But that is not where the real sin lies. The crime of the movie is this grotesque, loud, camera mugging, narcissistic child who is flippantly dismissive of all the carnage around her. A morally ugly child who doesn't care if her friend is ever transformed back to a human. A girl who doesn't listen to her own parents and repeatedly threatens to murder her own brother! What's worse is that it's apparent that the movie is not purposely written to make this girl some kind of morbid, dark anti-hero (think Wednesday Addams). In other words the character is not satirical at all. Her obnoxiousness is entirely sincere. They really didn't realize they had written a repugnant character that actually no decent person should relate to. They actually thought they wrote an endearing, "hip" tween.
Here's another movie example that puts Psycho Goreman to shame: Adam Chaplin. Despite all the over-the-top gory violence, the story never deviates from the core principal that Adam Chaplin's quest for revenge is JUST. Adam Chaplin too makes a deal with a monstrous demon in that movie. The difference is the conclusion of the film implicitly tells us that Adam Chaplin's deal with the demon for his revenge comes at a spiritual PRICE. His soul is forfeited at the end to the demon. In Psycho Goreman what should we make of the extended scene in which the girl loudly declares in front of an actual crucifix (which is much more personal than a cross because it's an actual representation of Jesus) that not only does she no longer take advice from God, but is through with him completely, and then proceeds to destroy the crucifix! Ask yourself, what was the purpose of this scene? Why was it included? What was a scene about a child rejecting god supposed to elicit from the audience? Big Laughs? Make us think she was a bad-ass? The movie is filled with suspect choices like this. What epiphanies does the family at the center of Psycho Goreman learn? Zilch. In Psycho Goreman almost everyone is evil or at least amoral other than the put-upon, sensitive son. Why isn't he the main character?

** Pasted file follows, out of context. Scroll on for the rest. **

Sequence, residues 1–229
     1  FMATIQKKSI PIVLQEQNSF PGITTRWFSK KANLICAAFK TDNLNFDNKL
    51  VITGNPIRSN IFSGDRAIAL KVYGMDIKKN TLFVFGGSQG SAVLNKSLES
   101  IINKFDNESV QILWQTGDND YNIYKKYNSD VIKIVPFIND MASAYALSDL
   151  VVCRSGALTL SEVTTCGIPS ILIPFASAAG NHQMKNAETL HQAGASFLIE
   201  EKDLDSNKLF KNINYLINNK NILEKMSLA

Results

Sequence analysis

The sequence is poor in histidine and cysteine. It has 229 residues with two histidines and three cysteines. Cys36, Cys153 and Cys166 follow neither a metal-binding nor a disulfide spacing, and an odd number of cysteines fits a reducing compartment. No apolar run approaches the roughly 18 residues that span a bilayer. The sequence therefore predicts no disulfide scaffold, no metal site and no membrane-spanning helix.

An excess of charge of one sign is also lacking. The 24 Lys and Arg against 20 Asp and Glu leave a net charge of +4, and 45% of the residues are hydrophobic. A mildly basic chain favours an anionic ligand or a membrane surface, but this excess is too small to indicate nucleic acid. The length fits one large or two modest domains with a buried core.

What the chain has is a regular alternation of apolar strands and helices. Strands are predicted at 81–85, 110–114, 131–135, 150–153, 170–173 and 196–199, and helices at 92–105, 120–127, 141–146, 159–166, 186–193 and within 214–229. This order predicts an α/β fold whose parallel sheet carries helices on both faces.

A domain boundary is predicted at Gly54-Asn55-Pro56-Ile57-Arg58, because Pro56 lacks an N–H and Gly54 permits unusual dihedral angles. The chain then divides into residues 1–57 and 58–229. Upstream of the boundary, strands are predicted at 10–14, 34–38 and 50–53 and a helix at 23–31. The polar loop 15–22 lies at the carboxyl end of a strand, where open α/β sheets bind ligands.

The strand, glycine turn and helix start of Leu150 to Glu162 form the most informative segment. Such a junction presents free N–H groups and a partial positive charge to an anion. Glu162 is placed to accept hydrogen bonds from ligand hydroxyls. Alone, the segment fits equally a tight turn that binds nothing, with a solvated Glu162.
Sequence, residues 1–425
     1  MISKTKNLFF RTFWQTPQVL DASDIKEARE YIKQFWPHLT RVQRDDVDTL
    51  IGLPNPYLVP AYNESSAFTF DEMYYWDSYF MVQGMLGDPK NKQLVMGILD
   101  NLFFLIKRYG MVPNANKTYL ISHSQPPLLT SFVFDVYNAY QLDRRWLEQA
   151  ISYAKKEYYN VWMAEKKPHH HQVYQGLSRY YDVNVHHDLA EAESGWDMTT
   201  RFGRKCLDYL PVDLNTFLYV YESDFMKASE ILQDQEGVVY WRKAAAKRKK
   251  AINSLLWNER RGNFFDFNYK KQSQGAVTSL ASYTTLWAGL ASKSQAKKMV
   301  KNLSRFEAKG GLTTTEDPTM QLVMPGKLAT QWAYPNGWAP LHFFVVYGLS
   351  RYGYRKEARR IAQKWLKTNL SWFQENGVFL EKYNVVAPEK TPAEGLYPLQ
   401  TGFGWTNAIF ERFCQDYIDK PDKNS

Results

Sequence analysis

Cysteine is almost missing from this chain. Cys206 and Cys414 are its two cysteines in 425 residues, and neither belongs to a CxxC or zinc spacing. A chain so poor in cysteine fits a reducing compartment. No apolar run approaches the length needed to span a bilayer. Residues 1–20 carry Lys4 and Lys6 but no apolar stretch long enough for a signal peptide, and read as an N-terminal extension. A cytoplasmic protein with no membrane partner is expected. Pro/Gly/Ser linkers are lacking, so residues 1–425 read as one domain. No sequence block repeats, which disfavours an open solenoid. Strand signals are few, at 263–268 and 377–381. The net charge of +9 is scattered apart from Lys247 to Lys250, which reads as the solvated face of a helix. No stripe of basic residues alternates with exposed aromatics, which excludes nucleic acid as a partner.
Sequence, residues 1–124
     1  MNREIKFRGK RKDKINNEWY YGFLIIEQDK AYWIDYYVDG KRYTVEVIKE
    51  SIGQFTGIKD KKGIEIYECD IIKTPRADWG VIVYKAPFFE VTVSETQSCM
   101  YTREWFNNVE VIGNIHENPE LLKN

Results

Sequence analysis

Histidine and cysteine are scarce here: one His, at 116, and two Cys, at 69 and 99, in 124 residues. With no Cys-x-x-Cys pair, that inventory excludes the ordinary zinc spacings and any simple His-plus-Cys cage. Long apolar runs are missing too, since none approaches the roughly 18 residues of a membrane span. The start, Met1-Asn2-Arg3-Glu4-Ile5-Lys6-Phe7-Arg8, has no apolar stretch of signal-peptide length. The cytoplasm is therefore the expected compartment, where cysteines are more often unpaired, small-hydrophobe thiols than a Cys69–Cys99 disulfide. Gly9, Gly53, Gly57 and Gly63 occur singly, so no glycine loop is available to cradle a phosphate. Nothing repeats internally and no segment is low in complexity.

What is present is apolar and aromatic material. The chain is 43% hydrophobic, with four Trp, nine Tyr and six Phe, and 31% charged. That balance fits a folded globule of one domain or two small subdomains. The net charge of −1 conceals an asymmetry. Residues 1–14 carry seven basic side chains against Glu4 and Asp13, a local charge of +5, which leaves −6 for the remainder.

So in case people missed it: The character of Psycho Goreman starts evil and is evil at the end. The Templar Knight is evil. The table of alien representatives are corrupt. The family is obliviously stupid and dooms the entire world. The poor little boy turned into a monster stays a monster (oh, and his parents ignore him at the end). The movie takes no stance on the disposability of any of the peripheral murdered people. How can we relate to these characters? What exactly makes them funny?